Local currency movements can help people to understand the money problem but it would be an illusion to think that local currencies would stop a mismanaged, unjust national system from unfairly concentrating wealth; from being a motivating factor for warfare; from financing harmful polluting activities even when saner alternatives exist. Understand also that a national currency properly placed under governmental control gives much greater local control than the present national currency under private control, because locally, our voting power can exert influence on national policy.

      And remember the principle of subsidiarity put forward by E.F. Schumacher. His slogan was not “small is beautiful.” What E.F. Shumacher actually said is what the AMI is saying: Use an “Appropriate scale”- do things on an appropriate scale. That dominant scale in the currency area is national and will continue to be for th

      1. Bev


        The Top Short-Term Threat to Humanity: The Fuel Pools of Fukushima

        Posted on April 7, 2012 by WashingtonsBlog

        The Greatest Single Threat to Humanity: Fuel Pool Number 4

        We noted days after the Japanese earthquake that the biggest threat was from the spent fuel rods in the fuel pool at Fukushima unit number 4, and not from the reactors themselves. See this and this.

        We noted in February:

        Scientists say that there is a 70% chance of a magnitude 7.0 earthquake hitting Fukushima this year, and a 98% chance within the next 3 years.

        Given that nuclear expert Arnie Gundersen says that an earthquake of 7.0 or larger could cause the entire fuel pool structure collapse, it is urgent that everything humanly possible is done to stabilize the structure housing the fuel pools at reactor number 4.

        Tepco is doing some construction at the building … it is a race against time under very difficult circumstances, and hopefully Tepco will win.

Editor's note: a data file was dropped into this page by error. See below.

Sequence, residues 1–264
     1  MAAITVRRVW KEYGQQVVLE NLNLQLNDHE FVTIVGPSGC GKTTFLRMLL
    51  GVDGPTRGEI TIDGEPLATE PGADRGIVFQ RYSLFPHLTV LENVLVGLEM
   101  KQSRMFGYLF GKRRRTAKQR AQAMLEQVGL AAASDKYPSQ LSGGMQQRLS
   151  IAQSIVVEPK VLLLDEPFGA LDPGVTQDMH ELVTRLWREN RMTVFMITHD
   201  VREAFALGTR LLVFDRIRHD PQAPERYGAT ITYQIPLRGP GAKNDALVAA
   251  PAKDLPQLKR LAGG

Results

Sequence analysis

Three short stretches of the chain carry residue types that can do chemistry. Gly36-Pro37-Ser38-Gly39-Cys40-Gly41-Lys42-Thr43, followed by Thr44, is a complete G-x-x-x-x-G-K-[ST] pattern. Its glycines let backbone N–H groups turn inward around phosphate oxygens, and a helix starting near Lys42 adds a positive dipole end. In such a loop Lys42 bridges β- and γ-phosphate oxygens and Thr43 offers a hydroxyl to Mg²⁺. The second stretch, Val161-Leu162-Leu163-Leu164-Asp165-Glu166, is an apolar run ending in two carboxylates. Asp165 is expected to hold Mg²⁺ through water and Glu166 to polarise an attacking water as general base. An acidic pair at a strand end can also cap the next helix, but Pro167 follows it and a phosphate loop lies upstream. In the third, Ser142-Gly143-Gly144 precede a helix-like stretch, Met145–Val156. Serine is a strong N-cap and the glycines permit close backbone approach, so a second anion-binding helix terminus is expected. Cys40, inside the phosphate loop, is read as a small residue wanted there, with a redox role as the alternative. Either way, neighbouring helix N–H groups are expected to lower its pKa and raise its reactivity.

Money is Needed. NO DEBT Money…National and International Money.

        1. Bev

          I would like to know how Fukushima might be fixed, especially if it is only money that is preventing the problems from being solved. So how?

          If debt free and interest free government money is more national in scope and cannot address international problems, then would the way to solve this be through the U.S. international debt balance sheet which is always settled in gold (settled on the books without moving the gold), as Jim Sinclair states.

          Is this the only mechanism to fix Fukushima?

          In which case, add the costs to fix Fukushima to the balance due. Currently, the U.S. international balance sheet and therefore, the price of gold if it were settled today would be sky high. Why not higher? For what you would get–stopping more radiation to us–in return for the money would be priceless.


          Chart: Federal Debt Held by Foreign & International Investors (FDHBFIN) and the Equilibrium Price (FDHBFIN/OZ)

          Federal debt held by foreign and international investors topped $5.17 trillion in Q12012. $5.17 trillion divided by 262 million ounces (assumed gold reserves of the United States) equals an “equilibrium price” of $19,091/oz (for gold).


          What is the best, fastest way to fix Fukushima?

    1. bhikshuni

      Sounds like the president still can’t feel the Wall St knife in his back. Even as they twist it, he sounds like he is begging for more. Must be that control via a knife in the back is more directly efficient than via puppet strings (a la Romney).

      1. Jack M. Hoff

        Oh, did you you mean the Crappo who replaced the other peice of Crap, Mr. Craig, who got caught spreading and tapping while on the Capper at the airort? What a bunch of losers the spud state puts forth.

  2. briansays

    not to mention congressman joe donnelly from indiana who as a democrat dutifully serves on the house financial services committee and is a possible pick up in the senate from of all places indiana as the reps threw out lugar

    this will be a well scripted kubuki performance
    it was intended as such from the get go

  3. Sleeper

    No – we ought to be happy – real questions are being asked – simple questions even a senator could understand – And these are open questions which our supine press can ask even if they are no more than a pretty face.

    Kubuki performance this maybe, don’t expect anything to come of this except another blow of the maul to drive the wedge between the senate royalty and the rest of us ordinary folks even deeper.

  4. MOTI


  5. par4

    Another exercise in futility. There won’t be any justice until these criminals and their bought and paid for politicians are standing in front of a ‘people’s court’ facing the death penalty.